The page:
Giving Feedback – 3 simple steps to improve your relationships

 

When someone asks if they can give you some feedback, what do you usually think of?

Firstly, you are probably surprised that someone has asked if they can give you feedback and then you may go through a number of thoughts such as “what did I do wrong?”, “what do I need to improve on?”, “what can I do better?”

The problem is, once you are going through these thoughts, you do not really listen to understand the feedback you are more likely to think about rationalising your behaviour, making excuses for what you did and may also doubt the motives of the person providing the feedback.

The definition of feedback  in the Oxford English Dictionary is twofold :-

  • Information about reactions to a product, a person’s performance of a task, etc. which is used as a basis for improvement. This definitely fits with the reaction you may have above
  • The modification or control of a process or system by its results or effects, for example in a biochemical pathway or behavioural response. This definition implies that feedback can be positive too!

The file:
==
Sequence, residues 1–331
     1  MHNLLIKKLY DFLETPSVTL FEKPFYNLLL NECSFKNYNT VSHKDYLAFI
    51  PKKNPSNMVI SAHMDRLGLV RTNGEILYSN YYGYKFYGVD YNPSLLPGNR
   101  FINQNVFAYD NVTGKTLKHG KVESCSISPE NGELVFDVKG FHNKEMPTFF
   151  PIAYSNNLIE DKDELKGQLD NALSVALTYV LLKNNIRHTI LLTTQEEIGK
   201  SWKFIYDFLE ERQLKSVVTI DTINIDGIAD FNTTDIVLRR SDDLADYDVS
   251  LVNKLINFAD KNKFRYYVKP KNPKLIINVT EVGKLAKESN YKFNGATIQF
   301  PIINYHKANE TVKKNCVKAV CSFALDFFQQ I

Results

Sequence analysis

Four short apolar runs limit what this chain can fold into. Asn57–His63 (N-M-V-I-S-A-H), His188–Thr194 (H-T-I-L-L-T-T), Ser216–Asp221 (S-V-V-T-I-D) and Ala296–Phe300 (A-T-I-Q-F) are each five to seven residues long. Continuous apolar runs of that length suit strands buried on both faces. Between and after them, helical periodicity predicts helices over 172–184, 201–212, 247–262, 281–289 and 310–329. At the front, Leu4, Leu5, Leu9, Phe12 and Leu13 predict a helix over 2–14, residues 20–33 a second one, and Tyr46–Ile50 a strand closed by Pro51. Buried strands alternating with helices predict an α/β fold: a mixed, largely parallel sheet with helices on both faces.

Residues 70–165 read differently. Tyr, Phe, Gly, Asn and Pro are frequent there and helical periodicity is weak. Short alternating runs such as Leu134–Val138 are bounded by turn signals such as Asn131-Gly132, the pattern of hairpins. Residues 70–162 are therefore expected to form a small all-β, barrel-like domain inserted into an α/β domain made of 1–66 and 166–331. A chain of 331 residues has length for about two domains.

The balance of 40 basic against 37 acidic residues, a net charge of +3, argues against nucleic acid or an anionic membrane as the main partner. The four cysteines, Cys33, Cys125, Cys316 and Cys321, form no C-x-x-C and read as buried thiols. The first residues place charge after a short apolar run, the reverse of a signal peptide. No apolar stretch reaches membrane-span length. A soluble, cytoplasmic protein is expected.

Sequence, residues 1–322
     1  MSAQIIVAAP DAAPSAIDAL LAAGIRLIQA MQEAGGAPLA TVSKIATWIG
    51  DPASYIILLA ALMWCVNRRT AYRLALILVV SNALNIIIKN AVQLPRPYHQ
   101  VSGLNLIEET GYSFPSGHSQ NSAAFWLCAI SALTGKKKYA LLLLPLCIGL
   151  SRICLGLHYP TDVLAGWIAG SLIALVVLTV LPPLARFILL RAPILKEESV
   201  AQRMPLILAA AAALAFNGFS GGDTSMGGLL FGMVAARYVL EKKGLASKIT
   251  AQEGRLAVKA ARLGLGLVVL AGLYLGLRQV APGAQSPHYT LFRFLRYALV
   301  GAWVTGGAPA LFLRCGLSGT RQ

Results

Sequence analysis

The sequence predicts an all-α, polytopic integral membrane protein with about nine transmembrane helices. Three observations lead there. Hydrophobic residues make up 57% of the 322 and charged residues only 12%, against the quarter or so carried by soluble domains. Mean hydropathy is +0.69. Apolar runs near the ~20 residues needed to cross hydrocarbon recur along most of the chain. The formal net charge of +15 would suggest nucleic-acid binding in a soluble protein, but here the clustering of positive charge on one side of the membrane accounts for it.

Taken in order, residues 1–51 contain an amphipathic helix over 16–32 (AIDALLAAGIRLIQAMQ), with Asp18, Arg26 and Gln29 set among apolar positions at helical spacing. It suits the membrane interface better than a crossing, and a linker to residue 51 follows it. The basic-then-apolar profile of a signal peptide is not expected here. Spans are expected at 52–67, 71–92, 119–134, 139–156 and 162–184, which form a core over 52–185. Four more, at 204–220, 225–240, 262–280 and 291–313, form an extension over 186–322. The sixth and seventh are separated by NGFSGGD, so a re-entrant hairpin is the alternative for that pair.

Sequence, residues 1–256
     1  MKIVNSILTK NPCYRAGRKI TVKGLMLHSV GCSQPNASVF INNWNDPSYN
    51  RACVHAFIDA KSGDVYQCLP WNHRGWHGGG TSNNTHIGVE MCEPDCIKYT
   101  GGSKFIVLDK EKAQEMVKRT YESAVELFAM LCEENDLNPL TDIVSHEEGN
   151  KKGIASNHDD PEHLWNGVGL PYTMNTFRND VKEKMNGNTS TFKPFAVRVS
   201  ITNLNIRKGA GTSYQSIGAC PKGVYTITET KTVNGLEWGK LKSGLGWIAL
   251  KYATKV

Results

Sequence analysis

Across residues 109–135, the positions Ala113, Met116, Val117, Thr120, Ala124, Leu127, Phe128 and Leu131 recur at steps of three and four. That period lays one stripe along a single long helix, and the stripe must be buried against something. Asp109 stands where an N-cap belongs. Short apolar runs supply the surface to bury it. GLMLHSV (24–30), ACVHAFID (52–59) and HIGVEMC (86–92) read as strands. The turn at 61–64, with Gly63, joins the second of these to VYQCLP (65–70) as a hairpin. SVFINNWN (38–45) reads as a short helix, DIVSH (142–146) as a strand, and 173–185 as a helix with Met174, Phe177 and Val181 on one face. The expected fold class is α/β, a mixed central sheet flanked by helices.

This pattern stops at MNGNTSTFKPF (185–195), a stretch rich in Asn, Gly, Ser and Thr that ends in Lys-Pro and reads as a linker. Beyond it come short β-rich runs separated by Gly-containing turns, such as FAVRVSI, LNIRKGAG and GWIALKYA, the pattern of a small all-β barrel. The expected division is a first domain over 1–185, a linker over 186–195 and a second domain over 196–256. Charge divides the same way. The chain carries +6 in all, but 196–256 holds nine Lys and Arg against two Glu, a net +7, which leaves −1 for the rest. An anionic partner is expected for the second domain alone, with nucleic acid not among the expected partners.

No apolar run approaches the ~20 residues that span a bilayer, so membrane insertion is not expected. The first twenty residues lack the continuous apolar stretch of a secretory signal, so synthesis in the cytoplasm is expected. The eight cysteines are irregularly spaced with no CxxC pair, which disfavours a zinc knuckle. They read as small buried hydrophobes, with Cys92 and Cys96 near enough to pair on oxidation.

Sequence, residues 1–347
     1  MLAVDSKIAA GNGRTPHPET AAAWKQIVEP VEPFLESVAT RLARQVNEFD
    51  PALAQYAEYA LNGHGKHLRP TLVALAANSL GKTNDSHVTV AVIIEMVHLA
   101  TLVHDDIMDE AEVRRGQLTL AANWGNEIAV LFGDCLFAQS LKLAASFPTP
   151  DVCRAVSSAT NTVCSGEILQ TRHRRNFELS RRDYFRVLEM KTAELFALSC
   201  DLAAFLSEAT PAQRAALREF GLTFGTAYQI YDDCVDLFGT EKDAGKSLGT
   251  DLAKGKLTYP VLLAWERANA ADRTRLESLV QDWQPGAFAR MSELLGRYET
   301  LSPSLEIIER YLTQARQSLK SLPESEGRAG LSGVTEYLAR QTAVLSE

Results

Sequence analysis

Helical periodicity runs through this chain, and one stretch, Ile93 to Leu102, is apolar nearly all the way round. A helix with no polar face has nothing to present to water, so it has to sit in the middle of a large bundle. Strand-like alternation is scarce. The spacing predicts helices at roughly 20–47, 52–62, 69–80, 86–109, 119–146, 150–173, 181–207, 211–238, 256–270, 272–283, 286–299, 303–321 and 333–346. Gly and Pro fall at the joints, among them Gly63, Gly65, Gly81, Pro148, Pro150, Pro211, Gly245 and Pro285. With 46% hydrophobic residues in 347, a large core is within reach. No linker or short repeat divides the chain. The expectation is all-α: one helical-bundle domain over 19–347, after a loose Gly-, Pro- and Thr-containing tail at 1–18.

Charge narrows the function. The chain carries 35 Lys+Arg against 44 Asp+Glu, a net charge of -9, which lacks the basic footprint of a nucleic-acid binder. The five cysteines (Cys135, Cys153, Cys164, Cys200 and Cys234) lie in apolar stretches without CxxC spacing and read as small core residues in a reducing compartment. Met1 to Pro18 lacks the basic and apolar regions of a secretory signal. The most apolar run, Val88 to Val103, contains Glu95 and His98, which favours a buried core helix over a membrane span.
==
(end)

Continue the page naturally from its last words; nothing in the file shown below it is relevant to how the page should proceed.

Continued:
My view on feedback is that we ought to give it more often – that is positive feedback!  This is something that we do not do often enough and do not really do well enough.  We may say “good job” or “well done” but I want to see more thought going into positive feedback.

So how do you do it?  This is an area I have been modelling and it is so simple; just follow these steps:-

  • You hear or see something that pleases you
  • You notice how that makes you feel. If not so good, remove the thought from your mind and if it is good notice how it really makes you feel.
  • Tell the other person. So what do you say to them? You tell them 4 distinct things:-
    1. Tell them what you have seen or heard
    2. Explain the personality trait that this demonstrates
    3. The impact this has on you
    4. Thank you

So for example,

  1. Recently I have noticed how the team seems to be functioning better
  2. I love the enthusiasm you bring into work every day and this seems to be rubbing off on other members of the team
  3. And this makes my job so much easier
  4. Thank you

Why don’t you try this positive feedback more often?  If you can get right to the core values and identity of the person the reaction will be amazing.  When you see this reaction on the other person’s face and notice how it makes them feel, just notice how it makes you feel.

Just imagine if we followed this approach with our young people too.  How much would that help them understand their personal qualities, how they are appreciated and the impact they have on others around them. Just think about how that would boost their self-esteem and their confidence.

Go on, give it a go, notice the impact you have and just imagine what ripple effects that feedback could have!

 

Tracy Ward

Tracy Ward; Your Catalyst for Change

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